Real Estate

Legal review critical in real-estate assignments

By AdvocateDaily.com Staff

Those thinking about purchasing from a third party that's flipping their new construction condo or home prior to taking possession should have a lawyer review their assignment agreements and the original purchase agreements to ensure they’re within their legal rights to do so, says Toronto real estate lawyer Sarita Samaroo-Tsaktsiris.

People often assume they have an automatic right to assign their property, but it’s not set in stone, she tells AdvocateDaily.com.

An assignment occurs when the original buyer of a property, the assignor, allows another buyer, the assignee, to take over the rights and obligations of the agreement of purchase and sale, before the original buyer closes on the property, Samaroo-Tsaktsiris explains.

“Some developers allow buyers to assign their properties, but not all, and if they do there are usually conditions the assignor has to fulfill as part of that agreement,” Samaroo-Tsaktsiris explains. “It’s prudent to have purchase agreements reviewed by a solicitor before the deal is firm, and if possible, the offer should be conditional on a review, especially in the case of a new construction freehold property where a review is not a legislative requirement."

The Real Estate Council of Ontario cites an example of an assignment where the buyer purchased a condo that won’t be ready for two years, but whose financial situation has since changed. In that case, the owner may be able to assign the property to a new third party if it is noted in the agreement of purchase and sale, but it’s not as simple as updating the agreement by way of an amendment from one person to another, says Samaroo-Tsaktsiris, principal of SST Law Professional Corporation.

While many builders' purchase agreements grant the right to assign properties in theory, owners often need to take additional steps such as obtaining formal consent from the builder in writing by way of a consent to an assignment prior to either the occupancy date (in the case of a condominium) or final closing date (in the case of a freehold property) with the combined signatures of the assignor, the assignee and the builder, she says.
“Typically, builders have strict guidelines around assigning properties. In most cases, they can't be listed on the MLS, for example, but the assignor can find prospective buyers through realtors or personal contacts. Usually, this prohibition is placed on assignors because the builder's lenders insist that the majority of the units must be owner-occupied. If too many units are assigned, it can ultimately affect the builder's ability to receive financing for their project," she says.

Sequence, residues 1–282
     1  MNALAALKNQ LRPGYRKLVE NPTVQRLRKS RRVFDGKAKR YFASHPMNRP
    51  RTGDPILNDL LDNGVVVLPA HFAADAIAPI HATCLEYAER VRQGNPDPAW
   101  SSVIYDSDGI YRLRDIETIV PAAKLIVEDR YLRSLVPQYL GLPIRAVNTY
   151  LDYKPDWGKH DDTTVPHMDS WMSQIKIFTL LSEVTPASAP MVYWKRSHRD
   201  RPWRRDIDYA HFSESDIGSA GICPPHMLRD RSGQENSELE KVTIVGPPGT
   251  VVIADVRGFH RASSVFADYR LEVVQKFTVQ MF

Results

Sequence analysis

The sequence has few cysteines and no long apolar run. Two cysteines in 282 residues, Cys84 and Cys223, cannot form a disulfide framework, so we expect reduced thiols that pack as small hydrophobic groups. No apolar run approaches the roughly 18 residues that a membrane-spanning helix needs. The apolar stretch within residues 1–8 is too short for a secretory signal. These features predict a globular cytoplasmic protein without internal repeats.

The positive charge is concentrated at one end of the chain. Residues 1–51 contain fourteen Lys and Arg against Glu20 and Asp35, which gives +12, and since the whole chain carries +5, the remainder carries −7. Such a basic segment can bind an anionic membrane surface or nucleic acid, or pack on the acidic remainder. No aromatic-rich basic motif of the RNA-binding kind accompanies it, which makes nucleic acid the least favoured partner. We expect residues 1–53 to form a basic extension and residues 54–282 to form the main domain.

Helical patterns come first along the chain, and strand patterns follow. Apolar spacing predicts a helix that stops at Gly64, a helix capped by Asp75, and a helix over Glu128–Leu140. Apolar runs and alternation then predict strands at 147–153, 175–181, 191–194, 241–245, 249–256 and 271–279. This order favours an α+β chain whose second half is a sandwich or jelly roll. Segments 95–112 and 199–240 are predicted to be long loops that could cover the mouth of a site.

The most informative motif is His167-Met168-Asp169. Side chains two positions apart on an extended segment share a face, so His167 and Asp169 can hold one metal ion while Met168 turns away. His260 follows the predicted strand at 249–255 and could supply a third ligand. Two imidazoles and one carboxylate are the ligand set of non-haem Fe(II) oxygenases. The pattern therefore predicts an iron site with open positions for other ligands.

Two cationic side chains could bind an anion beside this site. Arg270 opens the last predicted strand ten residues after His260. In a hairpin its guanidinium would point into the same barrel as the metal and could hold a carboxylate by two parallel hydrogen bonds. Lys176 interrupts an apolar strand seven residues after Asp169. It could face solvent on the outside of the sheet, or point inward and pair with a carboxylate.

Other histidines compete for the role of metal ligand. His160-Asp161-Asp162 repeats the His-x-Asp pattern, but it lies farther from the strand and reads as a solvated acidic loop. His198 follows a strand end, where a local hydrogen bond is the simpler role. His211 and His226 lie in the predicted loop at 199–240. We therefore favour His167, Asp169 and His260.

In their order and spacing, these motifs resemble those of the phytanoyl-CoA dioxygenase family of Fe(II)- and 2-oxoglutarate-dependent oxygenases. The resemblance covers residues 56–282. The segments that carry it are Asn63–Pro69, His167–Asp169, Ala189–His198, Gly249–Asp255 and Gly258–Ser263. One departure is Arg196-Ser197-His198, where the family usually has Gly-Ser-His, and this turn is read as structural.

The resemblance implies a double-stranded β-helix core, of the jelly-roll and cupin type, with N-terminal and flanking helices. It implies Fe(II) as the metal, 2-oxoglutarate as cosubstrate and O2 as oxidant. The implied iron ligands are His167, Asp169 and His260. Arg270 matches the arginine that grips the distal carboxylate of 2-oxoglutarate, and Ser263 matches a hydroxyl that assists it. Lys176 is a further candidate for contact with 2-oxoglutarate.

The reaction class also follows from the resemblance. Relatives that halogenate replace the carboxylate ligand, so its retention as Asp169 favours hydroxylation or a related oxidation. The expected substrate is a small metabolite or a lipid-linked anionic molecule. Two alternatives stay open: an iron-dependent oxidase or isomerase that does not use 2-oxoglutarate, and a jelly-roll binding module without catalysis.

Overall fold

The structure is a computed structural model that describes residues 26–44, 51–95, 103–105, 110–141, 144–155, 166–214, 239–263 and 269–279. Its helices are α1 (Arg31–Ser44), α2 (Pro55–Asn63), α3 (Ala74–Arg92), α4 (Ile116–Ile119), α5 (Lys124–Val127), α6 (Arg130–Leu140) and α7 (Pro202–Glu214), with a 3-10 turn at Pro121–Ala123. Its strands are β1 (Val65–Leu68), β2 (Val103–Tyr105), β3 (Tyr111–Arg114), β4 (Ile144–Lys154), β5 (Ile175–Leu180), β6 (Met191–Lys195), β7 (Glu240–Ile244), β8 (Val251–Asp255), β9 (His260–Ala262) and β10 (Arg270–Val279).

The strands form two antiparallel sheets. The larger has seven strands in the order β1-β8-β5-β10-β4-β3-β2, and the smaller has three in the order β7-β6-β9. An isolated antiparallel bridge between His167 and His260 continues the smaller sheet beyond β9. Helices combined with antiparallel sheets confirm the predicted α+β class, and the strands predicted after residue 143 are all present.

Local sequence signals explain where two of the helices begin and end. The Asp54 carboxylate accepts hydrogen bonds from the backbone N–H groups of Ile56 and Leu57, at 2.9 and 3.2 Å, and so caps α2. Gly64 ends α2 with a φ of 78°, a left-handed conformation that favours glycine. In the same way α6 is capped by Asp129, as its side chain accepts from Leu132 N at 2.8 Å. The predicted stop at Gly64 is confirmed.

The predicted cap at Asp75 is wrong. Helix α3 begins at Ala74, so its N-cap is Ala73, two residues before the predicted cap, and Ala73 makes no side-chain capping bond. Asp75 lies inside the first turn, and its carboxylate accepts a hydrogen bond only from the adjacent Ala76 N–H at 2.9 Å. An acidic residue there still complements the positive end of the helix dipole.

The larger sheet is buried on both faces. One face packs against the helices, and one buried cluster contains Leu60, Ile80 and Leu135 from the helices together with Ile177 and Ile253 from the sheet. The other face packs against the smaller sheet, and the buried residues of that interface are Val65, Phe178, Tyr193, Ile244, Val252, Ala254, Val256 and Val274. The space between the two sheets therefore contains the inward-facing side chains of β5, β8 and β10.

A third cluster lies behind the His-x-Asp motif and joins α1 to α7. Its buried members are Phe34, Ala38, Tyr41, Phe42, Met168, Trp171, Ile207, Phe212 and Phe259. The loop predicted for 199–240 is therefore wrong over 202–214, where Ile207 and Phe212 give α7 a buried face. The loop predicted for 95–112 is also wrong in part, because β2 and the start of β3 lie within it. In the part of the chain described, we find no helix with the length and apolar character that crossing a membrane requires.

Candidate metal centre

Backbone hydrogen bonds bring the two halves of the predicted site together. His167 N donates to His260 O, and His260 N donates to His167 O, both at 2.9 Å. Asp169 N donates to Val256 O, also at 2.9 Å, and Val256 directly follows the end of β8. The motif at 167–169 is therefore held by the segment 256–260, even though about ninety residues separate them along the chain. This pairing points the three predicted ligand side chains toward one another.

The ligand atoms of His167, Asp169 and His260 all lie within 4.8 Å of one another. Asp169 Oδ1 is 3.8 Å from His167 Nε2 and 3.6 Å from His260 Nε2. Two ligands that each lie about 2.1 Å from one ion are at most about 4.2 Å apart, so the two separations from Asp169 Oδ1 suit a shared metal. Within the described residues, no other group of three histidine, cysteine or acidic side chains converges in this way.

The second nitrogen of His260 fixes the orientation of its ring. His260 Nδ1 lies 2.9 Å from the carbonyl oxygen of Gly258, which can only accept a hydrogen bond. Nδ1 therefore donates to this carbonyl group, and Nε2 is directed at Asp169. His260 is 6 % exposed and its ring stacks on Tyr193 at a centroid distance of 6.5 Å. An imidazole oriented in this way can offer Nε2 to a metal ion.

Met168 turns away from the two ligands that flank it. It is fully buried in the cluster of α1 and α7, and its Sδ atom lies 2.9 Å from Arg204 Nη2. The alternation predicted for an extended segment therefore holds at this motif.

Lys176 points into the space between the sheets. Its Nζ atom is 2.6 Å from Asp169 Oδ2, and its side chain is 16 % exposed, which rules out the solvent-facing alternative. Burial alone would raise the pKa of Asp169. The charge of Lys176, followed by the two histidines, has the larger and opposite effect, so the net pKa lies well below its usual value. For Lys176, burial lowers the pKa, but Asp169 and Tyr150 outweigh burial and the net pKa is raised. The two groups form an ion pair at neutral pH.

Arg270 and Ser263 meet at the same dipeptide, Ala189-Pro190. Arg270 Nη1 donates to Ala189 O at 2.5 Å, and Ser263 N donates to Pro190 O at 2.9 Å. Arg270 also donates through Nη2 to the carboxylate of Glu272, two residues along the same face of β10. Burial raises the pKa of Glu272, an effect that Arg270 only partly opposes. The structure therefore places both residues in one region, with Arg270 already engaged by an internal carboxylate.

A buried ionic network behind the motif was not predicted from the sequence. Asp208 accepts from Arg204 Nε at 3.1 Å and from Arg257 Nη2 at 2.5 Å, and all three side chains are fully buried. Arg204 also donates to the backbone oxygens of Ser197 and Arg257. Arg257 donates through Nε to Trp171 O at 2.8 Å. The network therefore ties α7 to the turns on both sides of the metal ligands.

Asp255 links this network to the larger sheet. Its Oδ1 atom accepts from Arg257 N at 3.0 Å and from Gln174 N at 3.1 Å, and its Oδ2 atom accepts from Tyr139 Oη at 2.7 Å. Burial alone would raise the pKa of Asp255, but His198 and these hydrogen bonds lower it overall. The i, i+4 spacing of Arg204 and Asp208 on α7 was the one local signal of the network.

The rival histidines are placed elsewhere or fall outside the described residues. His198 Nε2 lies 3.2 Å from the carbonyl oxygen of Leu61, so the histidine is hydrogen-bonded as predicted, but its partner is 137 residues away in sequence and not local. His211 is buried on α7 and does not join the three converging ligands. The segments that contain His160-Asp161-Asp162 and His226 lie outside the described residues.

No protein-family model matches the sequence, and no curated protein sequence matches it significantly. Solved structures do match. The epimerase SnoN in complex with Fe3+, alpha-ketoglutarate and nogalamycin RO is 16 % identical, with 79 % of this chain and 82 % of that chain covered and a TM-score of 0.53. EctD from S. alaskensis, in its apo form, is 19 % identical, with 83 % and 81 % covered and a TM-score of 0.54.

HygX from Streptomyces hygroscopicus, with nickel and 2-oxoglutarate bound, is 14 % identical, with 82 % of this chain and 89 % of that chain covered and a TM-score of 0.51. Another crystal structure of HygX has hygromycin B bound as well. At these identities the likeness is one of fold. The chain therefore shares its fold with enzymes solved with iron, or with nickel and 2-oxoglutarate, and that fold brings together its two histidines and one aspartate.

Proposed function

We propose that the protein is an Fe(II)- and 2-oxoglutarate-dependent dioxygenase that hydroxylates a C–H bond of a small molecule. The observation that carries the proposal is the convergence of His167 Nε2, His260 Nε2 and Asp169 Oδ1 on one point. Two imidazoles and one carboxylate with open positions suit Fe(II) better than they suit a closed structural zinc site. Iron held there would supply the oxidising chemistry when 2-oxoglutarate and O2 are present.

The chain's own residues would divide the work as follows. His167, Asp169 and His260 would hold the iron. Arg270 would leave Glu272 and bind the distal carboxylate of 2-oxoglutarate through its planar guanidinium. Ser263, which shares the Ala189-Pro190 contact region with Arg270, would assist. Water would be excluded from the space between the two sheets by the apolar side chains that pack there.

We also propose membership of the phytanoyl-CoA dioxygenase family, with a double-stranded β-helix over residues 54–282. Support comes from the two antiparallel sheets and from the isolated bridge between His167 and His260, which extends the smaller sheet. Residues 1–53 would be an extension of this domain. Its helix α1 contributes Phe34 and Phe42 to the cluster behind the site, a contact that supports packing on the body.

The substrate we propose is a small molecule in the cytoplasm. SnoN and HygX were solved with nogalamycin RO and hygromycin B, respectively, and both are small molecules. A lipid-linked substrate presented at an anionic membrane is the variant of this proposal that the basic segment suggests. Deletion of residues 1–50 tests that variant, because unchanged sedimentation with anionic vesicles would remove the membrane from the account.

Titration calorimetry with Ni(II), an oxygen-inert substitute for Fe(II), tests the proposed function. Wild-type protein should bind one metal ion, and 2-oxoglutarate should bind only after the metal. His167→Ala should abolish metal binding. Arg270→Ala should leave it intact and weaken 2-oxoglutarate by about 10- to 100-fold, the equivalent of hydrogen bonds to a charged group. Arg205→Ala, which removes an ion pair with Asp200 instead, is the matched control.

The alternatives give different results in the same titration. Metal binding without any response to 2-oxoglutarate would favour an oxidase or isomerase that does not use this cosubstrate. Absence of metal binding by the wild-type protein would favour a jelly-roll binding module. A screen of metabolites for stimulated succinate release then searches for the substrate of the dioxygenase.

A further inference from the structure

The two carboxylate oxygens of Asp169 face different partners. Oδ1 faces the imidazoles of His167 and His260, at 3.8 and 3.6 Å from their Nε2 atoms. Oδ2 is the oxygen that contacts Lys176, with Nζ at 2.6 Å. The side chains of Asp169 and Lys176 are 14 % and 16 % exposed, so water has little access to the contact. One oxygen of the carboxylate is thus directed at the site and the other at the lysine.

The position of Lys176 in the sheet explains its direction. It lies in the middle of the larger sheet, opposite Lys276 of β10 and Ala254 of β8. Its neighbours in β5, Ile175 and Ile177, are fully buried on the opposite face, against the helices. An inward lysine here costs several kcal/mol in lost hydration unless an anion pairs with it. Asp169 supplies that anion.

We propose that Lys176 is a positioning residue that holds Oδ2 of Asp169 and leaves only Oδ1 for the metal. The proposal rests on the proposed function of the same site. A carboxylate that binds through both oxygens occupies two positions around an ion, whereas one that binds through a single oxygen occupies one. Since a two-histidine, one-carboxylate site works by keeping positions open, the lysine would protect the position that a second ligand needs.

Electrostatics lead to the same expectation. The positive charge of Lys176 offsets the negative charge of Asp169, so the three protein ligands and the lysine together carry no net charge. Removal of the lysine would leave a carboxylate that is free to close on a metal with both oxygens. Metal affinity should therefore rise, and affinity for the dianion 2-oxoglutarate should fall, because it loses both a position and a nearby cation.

For buyers who forge ahead without seeking advice from a real estate solicitor, it can also be an expensive mistake, Samaroo-Tsaktsiris adds.

“The builder normally has a clause in the agreement of purchase and sale where the agreement can be terminated and deposits potentially forfeited in circumstances where prior consent to assign was not obtained and in situations involving lack of consent to list it on MLS. If the builder allows the agreement to be reinstated, often a revival fee must be paid by the original purchaser to the builder, which can often cost the original purchaser in the thousands of dollars,” she explains.

Another misconception around these types of sales is that assignors of new construction condos or homes assume that once they assign the property to another buyer, they are free and clear of all obligations under the original purchase agreement, but Samaroo-Tsaktsiris says the original purchaser is still responsible to ensure the transaction is completed between the builder and the assignee.

"However, once the assignment transaction is in fact completed, the assignor has the benefit of retaining any profit derived from the assignment sale price, which is the difference between the assignment sale price less the original sale price provided by the builder to the original purchaser," she says.

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